Can you tell us something about your work at the National Public Policy Lab?
What we do is that we try to be a bridge between the economic research, which is made by researchers of our university, and the public policy makers. These two worlds don’t have very good contact and we think that we can be the connection between those two. That’s because we can make recommendations on policy by using the results of our own research.
So the idea of the public policy lab is to fill the gap between different groups, for example the gap between academic and practical research, but also to bring new and innovative methods to the public service. We are currently in a situation where we can’t just simply be a political scientist or an economist, where you focus on only one discipline. We are trying to create a multidisciplinary group who works together and brings innovative and new methods, which weren’t used before, to resolve public problems. We believe that collaborative work is currently working better than working as separate groups or disciplines. A different aim for us is to show NGO’s that are lacking confidence that they are doing really good work but that we could help them in the improvement of their work and show them what impact they can have.
What is the origin of the lab and how did you manage to set it up?
The lab started 1,5 years ago. It started because the university realized that we were lacking of places where we could share ideas, but it’s also an international trend. These kind of labs are popping up everywhere around the globe. So the idea came from the head of the university because he wanted to create a space where we can work together. The main reason was that there was a need for more research about the people itself, not only about technical or theoretical topics. Human behaviour is a really important topic to get a better view on the problems which are relevant in today’s cities and can also explain them. The lab itself was already there when we started this initiative but we had the idea to create a unit inside of the lab which would focus on behavioural science and the implementation of experimentation, because we have to proof things instead of changing everything and come to the conclusion several years later that I didn’t work. This idea was pretty well received, so we got our own unit inside of the lab. Very important for the start-up was creating a network with people who believed in these methods and thought, in that way you’ll create a community where you can draw trust and confidence from.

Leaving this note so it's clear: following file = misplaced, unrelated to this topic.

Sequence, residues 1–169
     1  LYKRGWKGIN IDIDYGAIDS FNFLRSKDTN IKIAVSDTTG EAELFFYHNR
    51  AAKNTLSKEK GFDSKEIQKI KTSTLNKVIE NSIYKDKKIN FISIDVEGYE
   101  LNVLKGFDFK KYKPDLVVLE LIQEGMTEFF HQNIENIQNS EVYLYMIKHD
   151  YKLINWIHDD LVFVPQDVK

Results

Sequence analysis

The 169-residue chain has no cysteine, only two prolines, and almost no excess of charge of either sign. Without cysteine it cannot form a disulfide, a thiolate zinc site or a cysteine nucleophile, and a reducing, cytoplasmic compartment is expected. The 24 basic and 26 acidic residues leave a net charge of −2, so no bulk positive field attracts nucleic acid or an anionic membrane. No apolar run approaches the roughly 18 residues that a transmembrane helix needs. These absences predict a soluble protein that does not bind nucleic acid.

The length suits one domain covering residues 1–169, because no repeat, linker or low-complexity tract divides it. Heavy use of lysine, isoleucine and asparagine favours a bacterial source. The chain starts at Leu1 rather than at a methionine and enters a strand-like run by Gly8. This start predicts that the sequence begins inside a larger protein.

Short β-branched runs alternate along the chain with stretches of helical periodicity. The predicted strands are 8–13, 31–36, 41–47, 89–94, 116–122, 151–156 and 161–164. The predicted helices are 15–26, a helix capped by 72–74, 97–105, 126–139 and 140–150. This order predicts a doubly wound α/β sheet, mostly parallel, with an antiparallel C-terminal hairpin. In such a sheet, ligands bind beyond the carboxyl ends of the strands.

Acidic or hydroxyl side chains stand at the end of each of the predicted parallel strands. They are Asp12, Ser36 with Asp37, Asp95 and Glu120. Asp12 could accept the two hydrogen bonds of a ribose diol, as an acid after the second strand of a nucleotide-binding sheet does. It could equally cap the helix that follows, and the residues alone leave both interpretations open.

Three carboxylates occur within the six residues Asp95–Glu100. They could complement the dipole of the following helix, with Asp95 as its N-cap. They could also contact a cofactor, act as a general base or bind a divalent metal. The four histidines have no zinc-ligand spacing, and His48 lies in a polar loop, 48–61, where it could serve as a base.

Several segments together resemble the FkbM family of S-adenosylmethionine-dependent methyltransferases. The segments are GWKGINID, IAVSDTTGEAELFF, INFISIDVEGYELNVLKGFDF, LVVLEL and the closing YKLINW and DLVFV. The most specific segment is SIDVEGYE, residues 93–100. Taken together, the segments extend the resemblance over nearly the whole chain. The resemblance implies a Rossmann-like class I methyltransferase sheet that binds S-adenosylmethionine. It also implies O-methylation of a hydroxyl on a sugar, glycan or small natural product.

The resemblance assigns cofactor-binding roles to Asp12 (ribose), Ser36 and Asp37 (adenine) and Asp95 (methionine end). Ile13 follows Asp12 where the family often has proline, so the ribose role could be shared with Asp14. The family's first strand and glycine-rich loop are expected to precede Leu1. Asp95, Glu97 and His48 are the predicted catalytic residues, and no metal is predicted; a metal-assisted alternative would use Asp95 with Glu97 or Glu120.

What is the main goal of the National Public Policy Lab?
Basically having an impact and make people’s lives better. We don’t think that we could do our work here without seeing that we have a real impact in cities and in people’s lives. The idea of the policy lab is to really change things, the most important thing to this is to understand. We try to understand things by combining academic and ‘typical’ methods with input from inhabitants itself. Academics have the habit to focus on really specific topics, while they are doing that they often forget what is really happening in the outside world. We think that this has to be changed if you really want to make a difference or create impact, you have to know what is really happening.
What are the expectations from the municipality and other actors?
We are just starting but the government is already starting to know who we are and what we are doing. Actually there are really open to what we are doing. We think that they were also looking for an opportunity to work with academia but not with the traditional ways of research, where for example a research can take ten years and that its already outdated when it’s finished. They are really willing to work with us and they give us space for experiments, which is really new in Mexico.
What are the main issues you work with in Mexico and what are possible solutions for these problems?
One of the topics we are currently working on is corruption, which is a big problem in our country. We try to analyse corruption form a different perspective. We don’t want to solve the problem with extra punishment or stuff like that but we want to know the reasons behind it, why it is happening. From this point you can understand the problem and think of ways of solving it from that perspective. One of the most important things to prevent corruption is to stop the ‘small corruption’ like bottles of wine, because if you start with small things the step to bigger things is easily made. We are also researching discrimination in public services. Normally when we think about discrimination we think about a person who discriminates consciously, but discrimination in a unconscious way happens very often as well. We try to understand how this process works and we do a lot of different experiments in this topic. Currently we are doing an experiment with pictures of people from minority groups in certain spaces because unconscious discrimination often comes from unfamiliarness.
In what way would you like to cooperate in projects and knowledge sharing with initiatives in Budapest?
We think that it’s very interesting to know about each other’s initiatives and projects, we can by inspired by each other and learn a lot from all the different things that are going on. Many problems are not only problems in Mexico or in Hungary but they are problems on a global scale, when we work together there will be a better understanding. We think that knowledge sharing is one of the most important things to do in this process and that it is a very effective way to tackle public problems.
Text: Frank Meijer, Daan Sanders